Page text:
As of July 29, 2009, though, there's no getting around the indoor dominance for the Twins (52-50) over the White Sox (51-51). On Wednesday, the White Sox lost to left-handed spot-starter Brian Duensing, who didn't know about replacing scheduled starter Francisco Liriano until about five hours before the first pitch.
Duensing did not get the win but held the White Sox to solo home runs from Jayson Nix and Carlos Quentin and Alexei Ramirez's single over five innings. Quentin's home run was his first and first RBI in 10 games since returning from the disabled list on July 20.
Jesse Crain (3-4), Matt Guerrier and closer Joe Nathan (29th save) combined to hold the White Sox scoreless over the final four innings.
"It was kind of a big outing all the way around," said Duensing, who departed after 64 pitches. "I felt like lately our bullpen is getting a little tired, but for all of us to come out and do a job like that and get us a win is pretty special."
Jose Contreras (4-10) suffered the loss, allowing three runs on six hits over 5 2/3 innings, walking five and striking out four. The Twins scored the game-winner in the bottom of the sixth when Joe Crede drew a leadoff walk, moved to second on Carlos Gomez's sacrifice bunt and came home on Alexi Casilla's bloop single in front of center fielder Scott Podsednik.
This rally was typical Twins, a prototype "piranha" death by 1,000 paper cuts, to which the White Sox have grown all too familiar.
"A typical week for the White Sox: come to Minnesota, spend a nice day and get your [behind] kicked," Guillen said. "I don't see anything different since I managed this ballclub. I come out and talk to you guys after the game and I don't have a happy face."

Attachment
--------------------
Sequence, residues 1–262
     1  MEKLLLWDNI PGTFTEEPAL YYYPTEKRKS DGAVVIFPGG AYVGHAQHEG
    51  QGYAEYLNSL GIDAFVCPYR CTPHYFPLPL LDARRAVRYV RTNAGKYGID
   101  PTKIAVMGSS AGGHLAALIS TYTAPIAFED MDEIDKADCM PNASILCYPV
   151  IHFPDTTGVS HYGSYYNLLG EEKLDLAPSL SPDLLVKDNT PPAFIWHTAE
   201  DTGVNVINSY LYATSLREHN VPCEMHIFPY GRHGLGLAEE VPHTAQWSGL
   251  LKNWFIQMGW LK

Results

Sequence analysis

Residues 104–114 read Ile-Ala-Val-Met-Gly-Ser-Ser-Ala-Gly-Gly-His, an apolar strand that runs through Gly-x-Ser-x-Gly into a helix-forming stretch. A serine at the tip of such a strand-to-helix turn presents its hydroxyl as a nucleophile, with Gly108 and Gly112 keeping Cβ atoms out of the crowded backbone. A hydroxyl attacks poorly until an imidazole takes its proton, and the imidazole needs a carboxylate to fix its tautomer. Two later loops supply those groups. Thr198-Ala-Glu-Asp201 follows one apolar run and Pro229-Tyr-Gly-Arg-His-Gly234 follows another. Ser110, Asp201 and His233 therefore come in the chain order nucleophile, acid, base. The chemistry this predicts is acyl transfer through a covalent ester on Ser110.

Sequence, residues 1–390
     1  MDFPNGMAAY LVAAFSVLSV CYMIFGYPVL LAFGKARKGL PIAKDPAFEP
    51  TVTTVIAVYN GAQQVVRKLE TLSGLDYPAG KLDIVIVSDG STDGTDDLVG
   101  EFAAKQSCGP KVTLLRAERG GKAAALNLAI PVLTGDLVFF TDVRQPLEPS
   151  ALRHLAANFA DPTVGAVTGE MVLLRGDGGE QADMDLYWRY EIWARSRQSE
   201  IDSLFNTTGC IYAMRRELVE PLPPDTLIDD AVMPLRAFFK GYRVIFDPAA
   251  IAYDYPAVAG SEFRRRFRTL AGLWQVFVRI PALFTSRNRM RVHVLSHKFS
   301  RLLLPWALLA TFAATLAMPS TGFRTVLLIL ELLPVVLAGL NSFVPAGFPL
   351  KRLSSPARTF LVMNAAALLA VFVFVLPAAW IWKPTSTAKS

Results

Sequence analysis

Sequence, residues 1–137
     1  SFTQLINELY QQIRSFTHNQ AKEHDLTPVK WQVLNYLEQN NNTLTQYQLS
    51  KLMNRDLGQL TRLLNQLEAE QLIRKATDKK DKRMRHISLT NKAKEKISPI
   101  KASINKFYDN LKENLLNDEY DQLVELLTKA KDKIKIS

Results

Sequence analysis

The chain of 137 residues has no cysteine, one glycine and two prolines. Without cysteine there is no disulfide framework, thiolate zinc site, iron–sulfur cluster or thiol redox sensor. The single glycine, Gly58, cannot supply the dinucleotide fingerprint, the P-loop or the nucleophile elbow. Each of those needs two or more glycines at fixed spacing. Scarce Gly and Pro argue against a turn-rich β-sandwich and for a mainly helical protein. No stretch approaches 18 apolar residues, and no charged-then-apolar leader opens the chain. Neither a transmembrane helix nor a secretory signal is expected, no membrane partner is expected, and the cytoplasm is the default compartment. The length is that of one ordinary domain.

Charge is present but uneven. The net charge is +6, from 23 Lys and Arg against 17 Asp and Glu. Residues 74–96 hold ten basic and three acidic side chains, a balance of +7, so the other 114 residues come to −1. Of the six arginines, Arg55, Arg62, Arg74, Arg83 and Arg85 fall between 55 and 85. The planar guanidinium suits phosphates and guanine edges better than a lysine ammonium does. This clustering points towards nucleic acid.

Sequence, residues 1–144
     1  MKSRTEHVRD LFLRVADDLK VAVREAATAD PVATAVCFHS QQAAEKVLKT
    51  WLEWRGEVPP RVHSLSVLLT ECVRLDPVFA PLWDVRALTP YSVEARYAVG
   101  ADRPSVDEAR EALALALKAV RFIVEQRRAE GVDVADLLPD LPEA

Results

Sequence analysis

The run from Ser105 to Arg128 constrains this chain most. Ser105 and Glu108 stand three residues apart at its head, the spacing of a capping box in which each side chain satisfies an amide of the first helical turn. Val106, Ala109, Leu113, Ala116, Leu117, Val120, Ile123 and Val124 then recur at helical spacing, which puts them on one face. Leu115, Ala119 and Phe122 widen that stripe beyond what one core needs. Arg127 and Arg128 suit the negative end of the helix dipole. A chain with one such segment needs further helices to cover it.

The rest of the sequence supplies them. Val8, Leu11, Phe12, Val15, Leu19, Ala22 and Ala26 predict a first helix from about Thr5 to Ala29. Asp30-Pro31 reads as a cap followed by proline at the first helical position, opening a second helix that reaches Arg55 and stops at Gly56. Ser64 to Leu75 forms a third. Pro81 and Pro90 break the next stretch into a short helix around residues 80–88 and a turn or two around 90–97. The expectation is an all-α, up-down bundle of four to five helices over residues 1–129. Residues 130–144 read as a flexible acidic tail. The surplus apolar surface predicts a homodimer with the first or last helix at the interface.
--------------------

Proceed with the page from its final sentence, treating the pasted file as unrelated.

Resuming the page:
"Incredible," said Contreras through interpreter Ozzie Guillen, Jr. "Everything goes right for them at this stadium. They play really good at home. They got the hits."
To add injury to insult for the White Sox, Ramirez left the game in the seventh after sliding hard into second trying to break up a double play and spraining his right ankle. Ramirez will have the injured area X-rayed in Chicago on Thursday.
Even without Ramirez, the White Sox put a rare charge into Nathan, who has four saves against Chicago this season and 21 for his career. Gordon Beckham, hitting from the two-hole for the first time in his career, collected his second single to open the ninth, and Paul Konerko put runners on first and second by drawing a one-out walk.
Chris Getz struck out swinging, but the runners moved up to second and third on his swing at strike three, bringing Mark Kotsay to the plate. Kotsay started at first base in his initial game with the White Sox, after being acquired in a trade with Boston for Brian Anderson on Tuesday, and roped the first pitch from Nathan to right field.
But this is the Metrodome, where White Sox hopes and dreams quickly fade away. Kotsay's hard liner was hauled in by Michael Cuddyer, who barely had to move.
"As soon as he hit it, I thought we are winning or going to the bottom of the ninth," Beckham said. "You can't fault that effort. He smoked that ball. Baseball can be a cruel game, and it didn't work out for us."
One week ago, the White Sox left Chicago tied for first place with Detroit in the American League Central, five games over .500 and riding the crest of momentum produced by Mark Buehrle's perfect game. They come home Thursday to start a 10-game homestand against the Yankees sitting in third place and trailing the Tigers by three games on the heels of a dismal 1-6 road trip.
Guillen believes his team didn't play that poorly, but they just didn't get the results. That mantra pretty much could be echoed every time the White Sox enter the Metrodome.
"Every game was very close, and sometimes you have to tip your cap to the other team," said Contreras of the White Sox, who have had nine of their past 13 games decided by one or two runs, with a 3-6 mark in those nine. "We got beat in Detroit and Minnesota. But if we keep playing this way, we'll be good."